A proposal to allow rival broadcasters to bid for BBC licence fee money has been branded "foolish" by a senior MP.
Lord Birt was director general of the BBC from 1992-1999
Labour's Sir Gerald Kaufman was reacting to newspaper reports that the former director general of the BBC, Lord Birt, was backing the plan.
The chairman of the House of Commons Culture, Media and Sport select committee told BBC Radio 4's The World At One the fee was not a "kitty".
Lord Birt, who left the BBC in 1999, is now a Downing Street advisor.
The Financial Times reported on Thursday that Lord Birt had backed the plan, which was originally put forward by Lord Burns.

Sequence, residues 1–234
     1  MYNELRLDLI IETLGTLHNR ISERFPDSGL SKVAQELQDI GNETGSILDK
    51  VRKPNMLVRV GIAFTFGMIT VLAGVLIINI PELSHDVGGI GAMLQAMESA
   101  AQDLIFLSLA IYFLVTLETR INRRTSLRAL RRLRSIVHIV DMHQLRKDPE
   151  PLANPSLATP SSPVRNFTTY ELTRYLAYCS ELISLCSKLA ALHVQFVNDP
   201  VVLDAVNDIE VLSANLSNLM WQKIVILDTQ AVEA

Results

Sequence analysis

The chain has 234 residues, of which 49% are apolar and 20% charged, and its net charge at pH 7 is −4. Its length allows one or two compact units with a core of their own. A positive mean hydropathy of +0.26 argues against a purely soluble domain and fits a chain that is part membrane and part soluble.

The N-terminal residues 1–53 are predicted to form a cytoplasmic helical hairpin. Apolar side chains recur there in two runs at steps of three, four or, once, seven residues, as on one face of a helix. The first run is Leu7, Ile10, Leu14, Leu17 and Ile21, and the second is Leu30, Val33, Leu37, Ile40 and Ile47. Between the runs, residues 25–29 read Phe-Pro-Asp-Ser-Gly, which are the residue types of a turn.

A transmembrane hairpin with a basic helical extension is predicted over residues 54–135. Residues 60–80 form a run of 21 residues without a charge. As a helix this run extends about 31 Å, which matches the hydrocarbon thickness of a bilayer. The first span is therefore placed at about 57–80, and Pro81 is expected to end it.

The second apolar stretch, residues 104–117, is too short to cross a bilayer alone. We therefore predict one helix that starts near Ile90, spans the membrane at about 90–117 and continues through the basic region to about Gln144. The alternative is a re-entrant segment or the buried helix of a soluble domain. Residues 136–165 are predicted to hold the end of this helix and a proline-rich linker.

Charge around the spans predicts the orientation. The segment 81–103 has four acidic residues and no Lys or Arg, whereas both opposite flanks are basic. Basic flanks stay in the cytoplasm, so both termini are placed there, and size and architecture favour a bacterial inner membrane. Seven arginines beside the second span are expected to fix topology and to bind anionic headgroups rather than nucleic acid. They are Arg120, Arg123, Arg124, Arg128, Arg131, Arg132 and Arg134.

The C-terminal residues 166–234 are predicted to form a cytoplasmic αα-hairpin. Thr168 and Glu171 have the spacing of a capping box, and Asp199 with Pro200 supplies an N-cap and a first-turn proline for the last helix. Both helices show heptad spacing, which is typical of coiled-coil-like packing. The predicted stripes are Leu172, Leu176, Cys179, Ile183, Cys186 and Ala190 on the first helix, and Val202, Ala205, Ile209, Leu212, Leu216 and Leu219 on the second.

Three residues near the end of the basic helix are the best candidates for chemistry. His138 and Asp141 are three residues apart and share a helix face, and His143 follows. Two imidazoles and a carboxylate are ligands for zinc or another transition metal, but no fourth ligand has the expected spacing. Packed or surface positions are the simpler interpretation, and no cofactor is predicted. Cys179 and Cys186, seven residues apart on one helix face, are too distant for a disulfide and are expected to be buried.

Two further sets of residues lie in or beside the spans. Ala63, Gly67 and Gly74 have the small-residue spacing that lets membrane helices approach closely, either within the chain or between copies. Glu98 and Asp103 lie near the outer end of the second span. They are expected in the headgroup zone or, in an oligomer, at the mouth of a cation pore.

Lord Burns is chairing the panel looking at the future of the BBC's charter.
He has proposed that the corporation should be regulated by a new external watchdog and not its own governors.
Lord Burns also said the BBC could also give some licence fee money to other broadcasters if it decided the BBC was not fulfilling its role as a public service broadcaster.
Sir Gerald told The World At One: "I think it is foolish and stupid. The licence fee exists to fund the BBC.
"It is a bad, regressive tax and it is accepted grudgingly as the only efficient and effective way of funding the BBC."
He said the money raised was "not there as some kind of kitty for whoever wants to dip into it".